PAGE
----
- The 2020 US box office is at $1.816 billion this year, and way down compared to this time last year, when it was at $3.37 billion, according to Comscore.
- The box office ground to a halt in mid-March when most theaters in the US closed to help slow the spread of the coronavirus.
- China’s theatrical industry, which is the second biggest in the world, has also been hit hard and lost nearly $2 billion in the first two months of the year compared to the same time period last year.
- The coronavirus has dramatically shifted the theatrical release calendar for this year and next.
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The US box office has taken a huge blow from the coronavirus pandemic.
According to Comscore, the box office is down by more than $1.5 billion compared to this time last year, when “Avengers: Endgame” had hit theaters with the biggest domestic opening weekend of all time.
The domestic box office was at $3.37 billion by this time in 2019, compared to $1.816 billion this year for a 46.2% decrease, according to Comscore. The 2020 box office will always have an asterisk next to it, though, as most theaters closed in mid-March to help slow the spread of the coronavirus (Comscore’s box-office tracking stopped at March 19).
The top-grossing movie in the US this year, before the shutdowns, was “Bad Boys for Life” with $204 million, according to Comscore. The highest-grossing movie at this time last year was “Captain Marvel,” which opened in March 2019, with $413 million. “Avengers: Endgame” grossed $357 million over its debut and went on to earn $858 million domestically and $2.8 billion worldwide to become the highest-grossing movie of all time.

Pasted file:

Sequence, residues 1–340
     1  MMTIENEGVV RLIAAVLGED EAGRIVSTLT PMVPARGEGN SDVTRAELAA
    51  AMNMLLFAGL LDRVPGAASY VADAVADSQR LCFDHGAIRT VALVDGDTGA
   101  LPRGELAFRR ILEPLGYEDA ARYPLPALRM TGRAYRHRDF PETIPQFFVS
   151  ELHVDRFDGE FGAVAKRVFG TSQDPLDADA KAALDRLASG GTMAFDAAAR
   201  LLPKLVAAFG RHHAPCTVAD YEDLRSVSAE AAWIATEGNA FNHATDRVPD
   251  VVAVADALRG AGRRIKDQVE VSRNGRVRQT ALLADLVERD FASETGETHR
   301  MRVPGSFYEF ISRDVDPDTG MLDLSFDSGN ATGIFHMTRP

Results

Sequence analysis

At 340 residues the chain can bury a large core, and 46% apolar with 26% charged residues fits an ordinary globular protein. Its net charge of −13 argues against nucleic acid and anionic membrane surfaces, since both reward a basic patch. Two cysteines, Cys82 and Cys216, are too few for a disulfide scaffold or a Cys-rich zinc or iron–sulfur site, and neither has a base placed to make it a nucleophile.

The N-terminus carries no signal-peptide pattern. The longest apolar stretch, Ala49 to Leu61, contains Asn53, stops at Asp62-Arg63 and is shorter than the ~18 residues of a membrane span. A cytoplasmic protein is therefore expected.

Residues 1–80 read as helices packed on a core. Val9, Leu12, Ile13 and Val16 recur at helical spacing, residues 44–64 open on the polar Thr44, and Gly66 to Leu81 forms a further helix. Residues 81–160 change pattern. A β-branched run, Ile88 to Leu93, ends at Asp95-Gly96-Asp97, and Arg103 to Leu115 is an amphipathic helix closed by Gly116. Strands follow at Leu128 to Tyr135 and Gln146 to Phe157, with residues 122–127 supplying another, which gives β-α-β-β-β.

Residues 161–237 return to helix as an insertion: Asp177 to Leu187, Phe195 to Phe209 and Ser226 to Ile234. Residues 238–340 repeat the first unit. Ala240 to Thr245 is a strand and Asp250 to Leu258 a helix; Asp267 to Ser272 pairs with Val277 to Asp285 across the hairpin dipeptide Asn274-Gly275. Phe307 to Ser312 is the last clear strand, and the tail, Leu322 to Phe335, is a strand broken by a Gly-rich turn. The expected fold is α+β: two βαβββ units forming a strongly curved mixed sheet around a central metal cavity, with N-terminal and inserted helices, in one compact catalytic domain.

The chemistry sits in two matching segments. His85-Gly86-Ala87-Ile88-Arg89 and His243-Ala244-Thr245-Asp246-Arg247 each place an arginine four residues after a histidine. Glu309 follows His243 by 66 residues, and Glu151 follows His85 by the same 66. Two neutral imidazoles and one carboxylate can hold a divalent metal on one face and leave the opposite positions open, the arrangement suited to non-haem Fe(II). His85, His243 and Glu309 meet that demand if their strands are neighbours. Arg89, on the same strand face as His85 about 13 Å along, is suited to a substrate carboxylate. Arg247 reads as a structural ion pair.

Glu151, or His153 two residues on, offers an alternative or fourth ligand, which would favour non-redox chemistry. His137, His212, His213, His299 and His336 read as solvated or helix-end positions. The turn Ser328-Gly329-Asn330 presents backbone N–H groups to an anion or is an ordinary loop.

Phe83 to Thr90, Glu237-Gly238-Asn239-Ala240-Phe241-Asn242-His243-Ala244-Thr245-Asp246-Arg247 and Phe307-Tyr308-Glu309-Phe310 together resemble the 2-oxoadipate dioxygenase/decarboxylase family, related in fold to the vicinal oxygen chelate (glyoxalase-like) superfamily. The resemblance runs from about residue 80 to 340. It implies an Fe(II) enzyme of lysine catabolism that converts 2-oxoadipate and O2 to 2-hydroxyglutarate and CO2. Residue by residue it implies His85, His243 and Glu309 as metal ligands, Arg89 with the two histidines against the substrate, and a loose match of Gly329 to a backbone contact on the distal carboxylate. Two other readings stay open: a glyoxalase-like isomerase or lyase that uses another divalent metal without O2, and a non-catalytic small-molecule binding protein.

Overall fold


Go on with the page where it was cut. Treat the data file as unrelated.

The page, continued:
China’s theatrical industry, the second biggest in the world behind the US, has also been hit hard by the coronavirus. The Chinese box office was down by nearly $2 billion in the first two months of the year compared to the same time period last year. Theaters in China have been closed since late January including the Chinese New Year, which is typically the region’s busiest moviegoing time.
Without new entries in blockbuster franchises like “Avengers” or “Star Wars,” the 2020 box office was always going to struggle to compete with 2019 and 2018, which set box-office records. But the coronavirus has introduced unforeseen problems.
With theaters closed across the US and in other parts of the world, movie studios have delayed major releases. Disney, for instance, shifted its entire slate of Marvel Cinematic Universe entries. Many movies aren’t hitting theaters until 2021, which already had the potential to break box-office records with a slew of new Marvel and DC movies as well as blockbuster sequels like “Jurassic World: Dominion” and “Avatar 2.”
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There are plenty of unknown factors that could further shift the theatrical release calendar for this year and 2021, such as when theaters will reopen and when productions that have shut down will be able to start back up.
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